Survivor Rhetoric: Negotiations and Narrativity in Abused Women's Language

Description

241 pages
Contains Bibliography
$60.00
ISBN 0-8020-8973-9
DDC 362.88'083

Year

2004

Contributor

Edited by Christine Shearer-Cremean and Carol L. Winkelmann
Reviewed by Margaret Conrad

Margaret Conrad is Canada Research Chair in Atlantic Canada Studies at
the University of New Brunswick. She is the author of Atlantic Canada: A
Region in the Making, and co-author of Intimate Relations: Family and
Community in Planter Nova Scotia, 1759–

Review

This book is a collection of eight essays by scholars from a variety of
disciplines who focus on the language of abused women and girls, and of
the family members, police, psychologists, and social workers with whom
they interact. While the language in the introduction is clearly
influenced by postmodern theory—the editors both work in English
departments—most of the essays take the form of case studies that ably
demonstrate the value of discourse analysis without burdening the reader
unduly with difficult theoretical musings.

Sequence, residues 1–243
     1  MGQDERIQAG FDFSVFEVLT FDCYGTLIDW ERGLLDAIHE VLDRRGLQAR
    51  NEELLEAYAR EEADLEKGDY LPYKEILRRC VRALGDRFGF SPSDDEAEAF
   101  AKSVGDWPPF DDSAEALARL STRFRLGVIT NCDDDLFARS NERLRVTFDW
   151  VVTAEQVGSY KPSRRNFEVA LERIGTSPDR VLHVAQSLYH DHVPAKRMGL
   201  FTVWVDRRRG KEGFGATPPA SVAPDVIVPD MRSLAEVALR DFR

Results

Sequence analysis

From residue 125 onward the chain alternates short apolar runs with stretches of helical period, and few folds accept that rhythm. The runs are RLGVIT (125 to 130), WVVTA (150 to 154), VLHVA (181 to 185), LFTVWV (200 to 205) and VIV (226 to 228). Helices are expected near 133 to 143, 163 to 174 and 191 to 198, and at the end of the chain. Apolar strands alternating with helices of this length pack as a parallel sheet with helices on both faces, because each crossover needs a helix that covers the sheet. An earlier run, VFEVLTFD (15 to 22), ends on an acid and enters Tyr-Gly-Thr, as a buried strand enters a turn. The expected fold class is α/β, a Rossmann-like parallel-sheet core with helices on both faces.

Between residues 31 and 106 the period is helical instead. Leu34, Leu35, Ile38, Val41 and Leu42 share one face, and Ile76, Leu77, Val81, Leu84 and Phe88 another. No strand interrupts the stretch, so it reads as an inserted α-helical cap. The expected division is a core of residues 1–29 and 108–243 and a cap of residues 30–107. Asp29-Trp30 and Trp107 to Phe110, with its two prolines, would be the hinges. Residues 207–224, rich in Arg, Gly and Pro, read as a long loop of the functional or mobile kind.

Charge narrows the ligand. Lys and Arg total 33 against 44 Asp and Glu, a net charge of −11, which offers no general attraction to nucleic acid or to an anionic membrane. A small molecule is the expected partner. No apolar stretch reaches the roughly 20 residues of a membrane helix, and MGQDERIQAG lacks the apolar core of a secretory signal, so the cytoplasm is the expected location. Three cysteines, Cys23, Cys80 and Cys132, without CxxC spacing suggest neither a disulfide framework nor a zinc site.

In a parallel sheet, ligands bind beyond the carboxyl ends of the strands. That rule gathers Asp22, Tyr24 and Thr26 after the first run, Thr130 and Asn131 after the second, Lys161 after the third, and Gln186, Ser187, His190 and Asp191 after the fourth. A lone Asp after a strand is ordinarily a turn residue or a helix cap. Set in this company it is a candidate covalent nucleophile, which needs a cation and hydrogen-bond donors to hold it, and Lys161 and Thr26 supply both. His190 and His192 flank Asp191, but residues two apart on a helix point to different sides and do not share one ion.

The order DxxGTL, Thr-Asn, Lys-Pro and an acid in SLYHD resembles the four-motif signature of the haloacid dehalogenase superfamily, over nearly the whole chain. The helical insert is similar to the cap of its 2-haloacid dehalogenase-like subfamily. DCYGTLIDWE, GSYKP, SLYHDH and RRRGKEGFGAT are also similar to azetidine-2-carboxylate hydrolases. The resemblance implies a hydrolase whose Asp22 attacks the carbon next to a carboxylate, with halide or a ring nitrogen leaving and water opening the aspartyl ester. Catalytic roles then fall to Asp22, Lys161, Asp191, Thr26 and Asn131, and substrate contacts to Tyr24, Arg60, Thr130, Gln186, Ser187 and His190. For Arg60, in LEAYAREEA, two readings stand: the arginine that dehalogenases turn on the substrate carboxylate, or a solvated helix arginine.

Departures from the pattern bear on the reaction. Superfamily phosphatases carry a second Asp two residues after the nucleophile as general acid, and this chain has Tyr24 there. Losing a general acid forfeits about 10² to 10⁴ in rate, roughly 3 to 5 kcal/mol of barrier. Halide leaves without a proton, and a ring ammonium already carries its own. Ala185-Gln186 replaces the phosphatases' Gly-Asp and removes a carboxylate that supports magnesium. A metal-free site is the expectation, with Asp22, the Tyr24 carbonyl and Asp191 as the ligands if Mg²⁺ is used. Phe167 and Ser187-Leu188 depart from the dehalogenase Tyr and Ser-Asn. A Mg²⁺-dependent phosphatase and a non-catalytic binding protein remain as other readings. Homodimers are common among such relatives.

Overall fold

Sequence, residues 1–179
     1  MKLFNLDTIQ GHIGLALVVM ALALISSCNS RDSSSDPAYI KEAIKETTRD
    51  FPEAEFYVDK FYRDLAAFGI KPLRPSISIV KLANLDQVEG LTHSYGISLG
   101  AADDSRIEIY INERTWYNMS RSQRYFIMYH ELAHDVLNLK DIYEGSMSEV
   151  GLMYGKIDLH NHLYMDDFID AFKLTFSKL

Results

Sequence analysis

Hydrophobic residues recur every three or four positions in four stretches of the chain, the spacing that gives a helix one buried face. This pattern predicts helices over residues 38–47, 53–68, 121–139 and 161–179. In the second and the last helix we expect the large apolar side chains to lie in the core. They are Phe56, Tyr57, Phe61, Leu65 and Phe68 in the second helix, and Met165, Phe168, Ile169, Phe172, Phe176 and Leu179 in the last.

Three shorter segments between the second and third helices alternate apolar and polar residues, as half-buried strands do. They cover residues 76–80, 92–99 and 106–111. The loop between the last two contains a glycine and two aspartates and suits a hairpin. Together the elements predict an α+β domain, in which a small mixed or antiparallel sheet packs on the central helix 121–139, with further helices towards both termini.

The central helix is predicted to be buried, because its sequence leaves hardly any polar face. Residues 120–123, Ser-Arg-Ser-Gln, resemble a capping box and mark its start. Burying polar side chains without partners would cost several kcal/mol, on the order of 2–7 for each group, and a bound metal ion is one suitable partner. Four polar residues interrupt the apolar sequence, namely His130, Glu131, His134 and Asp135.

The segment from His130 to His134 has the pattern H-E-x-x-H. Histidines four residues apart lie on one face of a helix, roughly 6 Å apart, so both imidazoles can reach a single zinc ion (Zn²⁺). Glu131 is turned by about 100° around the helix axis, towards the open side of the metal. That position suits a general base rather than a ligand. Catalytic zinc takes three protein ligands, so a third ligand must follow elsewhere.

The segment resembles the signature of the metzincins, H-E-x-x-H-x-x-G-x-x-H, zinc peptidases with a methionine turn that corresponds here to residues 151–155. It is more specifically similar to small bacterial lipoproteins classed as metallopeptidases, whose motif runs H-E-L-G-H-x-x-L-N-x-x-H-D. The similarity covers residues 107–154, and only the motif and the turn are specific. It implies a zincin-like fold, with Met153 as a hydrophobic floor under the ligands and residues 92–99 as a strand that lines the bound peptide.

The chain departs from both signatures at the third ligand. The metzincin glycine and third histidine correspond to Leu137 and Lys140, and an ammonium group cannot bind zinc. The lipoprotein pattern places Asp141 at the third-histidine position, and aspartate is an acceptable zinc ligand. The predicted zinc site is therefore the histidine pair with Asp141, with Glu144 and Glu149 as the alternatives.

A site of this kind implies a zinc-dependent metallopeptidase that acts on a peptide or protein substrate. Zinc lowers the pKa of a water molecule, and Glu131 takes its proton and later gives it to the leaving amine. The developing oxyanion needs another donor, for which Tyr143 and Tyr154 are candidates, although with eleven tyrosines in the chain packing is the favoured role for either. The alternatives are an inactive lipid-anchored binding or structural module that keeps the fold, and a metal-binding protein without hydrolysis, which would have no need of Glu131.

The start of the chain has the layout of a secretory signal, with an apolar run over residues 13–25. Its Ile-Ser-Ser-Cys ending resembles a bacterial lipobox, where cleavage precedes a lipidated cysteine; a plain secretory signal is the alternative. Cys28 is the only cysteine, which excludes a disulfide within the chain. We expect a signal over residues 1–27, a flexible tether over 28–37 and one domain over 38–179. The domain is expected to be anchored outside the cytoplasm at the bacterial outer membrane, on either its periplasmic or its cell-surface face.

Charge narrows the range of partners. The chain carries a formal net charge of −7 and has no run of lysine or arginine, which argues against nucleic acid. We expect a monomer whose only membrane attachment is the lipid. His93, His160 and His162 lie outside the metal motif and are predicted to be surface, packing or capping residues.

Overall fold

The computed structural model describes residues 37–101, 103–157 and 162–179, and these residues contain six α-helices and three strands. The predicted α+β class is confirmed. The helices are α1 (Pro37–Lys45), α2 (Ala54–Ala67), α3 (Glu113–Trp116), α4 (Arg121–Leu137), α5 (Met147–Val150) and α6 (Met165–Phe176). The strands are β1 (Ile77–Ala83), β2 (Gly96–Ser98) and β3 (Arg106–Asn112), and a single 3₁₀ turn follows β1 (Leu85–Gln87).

The research published here is designed to make a contribution to
progressive social change, which the authors believe is best achieved by
a strategy informed by the local and the particular. In this volume, the
local is primarily found in the United States, where most of the
researchers reside. Only one essay is written by scholars based in
Canada: Cindy Holmes and Janice L. Ristock explore the “discursive
constructions” in three Canadian booklets designed to help lesbians
who are experiencing domestic abuse, and in writings by authors, such as
Christina Hoff Sommers, Donna Laframboise, and Patricia Pearson, who
criticize feminist research on violence against women.

Taken as a whole, these essays call into question easy generalizations
about the assumptions and processes employed to address woman abuse,
such as those found in Judith L. Herman’s classic Trauma and Recovery
(1992). Carrie N. Baker, for example, exposes understandings of gender,
class, and agency underlying the notion of a Battered Woman Syndrome
that fails to capture the complexity of women’s lives and the
constraints imposed by a male-dominated “system.” Batya Weinbaum’s
essay, which explores how one woman transposed her emotions shaped in an
abusive Catholic family context to Israel, where she embraced a
right-wing political movement, shows just how complicated the world of a
survivor of abuse can be.

Scholars and professionals interested in abuse issues will find much of
value in this book, as will those tracking the applicability of
postmodern theory.

Citation

“Survivor Rhetoric: Negotiations and Narrativity in Abused Women's Language,” Canadian Book Review Annual Online, accessed February 24, 2024, https://cbra.library.utoronto.ca/items/show/17145.